Parenting Through Disappointment, Loss, and Grief
by Guest Author Carole Downing, Author of Singing Beyond Sorrow-A Year of Grief, Gratitude and Grace
Turns on a swing aren’t fair when it’s time to leave.
There are an odd number of gummy bears impossible to split equally.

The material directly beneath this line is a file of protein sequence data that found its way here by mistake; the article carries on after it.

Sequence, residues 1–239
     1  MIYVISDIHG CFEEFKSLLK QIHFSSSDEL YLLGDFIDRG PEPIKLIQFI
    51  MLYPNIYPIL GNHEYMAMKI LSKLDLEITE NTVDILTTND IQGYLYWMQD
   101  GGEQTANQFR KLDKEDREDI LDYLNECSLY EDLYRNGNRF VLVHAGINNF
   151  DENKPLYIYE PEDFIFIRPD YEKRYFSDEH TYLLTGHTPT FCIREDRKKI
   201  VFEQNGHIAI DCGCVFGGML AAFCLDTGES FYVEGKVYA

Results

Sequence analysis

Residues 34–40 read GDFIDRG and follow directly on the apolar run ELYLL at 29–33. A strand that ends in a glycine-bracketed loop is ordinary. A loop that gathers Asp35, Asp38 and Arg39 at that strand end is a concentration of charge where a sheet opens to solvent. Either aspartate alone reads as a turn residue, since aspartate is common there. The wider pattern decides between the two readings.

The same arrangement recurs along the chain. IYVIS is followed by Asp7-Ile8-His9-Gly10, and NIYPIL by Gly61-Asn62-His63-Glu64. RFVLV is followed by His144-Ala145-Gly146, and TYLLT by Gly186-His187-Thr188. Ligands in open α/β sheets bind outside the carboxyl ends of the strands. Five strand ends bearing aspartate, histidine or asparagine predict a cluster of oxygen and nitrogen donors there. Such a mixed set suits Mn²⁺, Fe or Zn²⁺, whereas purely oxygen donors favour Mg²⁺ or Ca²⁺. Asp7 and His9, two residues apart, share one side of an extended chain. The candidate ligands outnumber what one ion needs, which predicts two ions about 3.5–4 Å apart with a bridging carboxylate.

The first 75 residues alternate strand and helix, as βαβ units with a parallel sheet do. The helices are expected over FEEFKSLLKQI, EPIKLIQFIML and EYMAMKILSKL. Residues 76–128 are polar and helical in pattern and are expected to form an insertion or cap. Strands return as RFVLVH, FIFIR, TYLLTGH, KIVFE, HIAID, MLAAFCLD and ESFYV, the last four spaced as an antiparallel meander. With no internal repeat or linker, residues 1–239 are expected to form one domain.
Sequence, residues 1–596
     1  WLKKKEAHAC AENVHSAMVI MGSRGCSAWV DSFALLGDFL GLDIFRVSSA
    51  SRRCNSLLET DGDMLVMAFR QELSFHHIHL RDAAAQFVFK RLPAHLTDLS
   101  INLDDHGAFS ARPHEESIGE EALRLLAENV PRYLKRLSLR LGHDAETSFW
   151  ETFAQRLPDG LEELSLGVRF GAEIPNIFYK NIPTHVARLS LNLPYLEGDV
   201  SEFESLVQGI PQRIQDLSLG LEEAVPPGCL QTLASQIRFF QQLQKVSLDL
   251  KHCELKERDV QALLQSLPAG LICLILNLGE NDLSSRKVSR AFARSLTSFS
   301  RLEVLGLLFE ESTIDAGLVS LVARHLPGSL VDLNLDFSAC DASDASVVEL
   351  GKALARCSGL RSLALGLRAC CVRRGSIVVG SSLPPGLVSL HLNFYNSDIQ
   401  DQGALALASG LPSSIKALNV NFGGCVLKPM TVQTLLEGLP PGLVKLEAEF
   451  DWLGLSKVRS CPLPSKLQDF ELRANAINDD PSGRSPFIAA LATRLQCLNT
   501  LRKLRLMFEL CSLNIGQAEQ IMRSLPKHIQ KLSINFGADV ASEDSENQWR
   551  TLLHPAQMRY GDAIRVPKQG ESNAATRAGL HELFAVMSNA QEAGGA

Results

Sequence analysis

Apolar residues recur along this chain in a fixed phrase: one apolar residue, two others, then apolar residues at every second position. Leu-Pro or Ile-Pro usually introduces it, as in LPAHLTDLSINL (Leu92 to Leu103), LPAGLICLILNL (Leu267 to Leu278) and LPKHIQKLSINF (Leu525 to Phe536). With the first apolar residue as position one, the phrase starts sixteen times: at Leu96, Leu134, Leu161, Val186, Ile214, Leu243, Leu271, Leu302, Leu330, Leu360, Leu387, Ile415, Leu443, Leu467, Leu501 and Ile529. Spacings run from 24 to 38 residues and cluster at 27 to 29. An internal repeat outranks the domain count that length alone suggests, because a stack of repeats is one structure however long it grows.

A friend chooses someone else to play with for a day. Loss happens.A cherished toy slips between the cracks of the boardwalk and into the ocean below. A move to a new school shifts old patterns of friendship. A child doesn’t make the sports team during tryouts.Grief happens.A loved one dies. A divorce is finalized. A parent loses a job.At varying degrees of intensity and at different times, grief or loss inevitably touches the lives of our children. No matter the specifics of the event, grief catches our children just as surely and swiftly as it does us as parents.Parenting in times of grief, loss or transition can be difficult, particularly if we have our own cascade of emotions related to the situation at hand. It’s painful enough to experience loss or grief without having to also navigate these big feelings with our children.So how can we support children in bearing the inevitable losses in life? Intuitively, we want to make it better. There may be an inner voice that tells us if we can somehow fix the disappointment or pain that our child is feeling then we can make it all go away. We try to search for something to soothe, replace or distract from the loss at hand. But when it all comes down to it and the edges of grief and disappointment cloud the sunny day disposition of our child, I believe there’s no easier way out than through.I’ve found in my own parenting of a grieving child and with my clients that no matter how hard it is to hold back, the rewards of letting children experience challenging emotions creates a deeper connection and stronger emotional intelligence that will serve them in meeting many of the losses in life.Some tips for guiding children in times of loss:1. Provide presence.Instead of trying to fix or limit the expression of their feelings, provide a calm presence. Let them know you are there with them and it’s okay to be feeling what they are feeling. If you as a parent are also feeling upset, it can be helpful to take a moment to collect and care for yourself before bringing presence to your child.2. Connect with Empathy.Reflect with empathy what you think they may be feeling. Empathy is the process of stepping in their shoes and imagining what the child is experiencing:“You seem to be disappointed that you didn’t get a turn,”“You feel all alone now that your friend moved away.”“You’re angry and it doesn’t seem fair.”“You’re sad that Daddy isn’t here to read to you.”In the process of reflecting empathy, we may not get the emotion right the first time but as we stay present with them and continue to reflect what they might be feeling, they often will begin to relax and recognize their own emotions. Receiving empathy and knowing they are understood can be the magic salve to soothe your child’s system and create space for connection.3. Hold a container for big feelings. If your child needs to move the energy of emotion, you can provide them safe space and options for letting out the intensity of what they are feeling. After receiving empathy and feeling connected, your child may be open to some ideas for moving their body, doing some drawing, squeezing tightly to a chair or choosing any other safe avenue to release the emotion.4. Engage and ExploreOnce your child feels heard and has had a chance to express their feelings, they will often naturally move back into play. If they seem to need some help transitioning, you can offer some options for reconnecting to something they enjoy. A favorite book or game can be a bridge back to their regular routine.Parenting in times that are challenging for our children can be a daunting task, whether helping them through the smaller day-to-day disappointments or navigating the grief of a larger loss.It can be a stretch to meet big emotions and our impulse to protect them from big feelings is natural. And yet by shifting the focus to comfort and connection we give them the gift of knowing they can learn to manage difficult times. By acknowledging loss and guiding them through, we can help them find a place of resilience that will benefit them for a lifetime.
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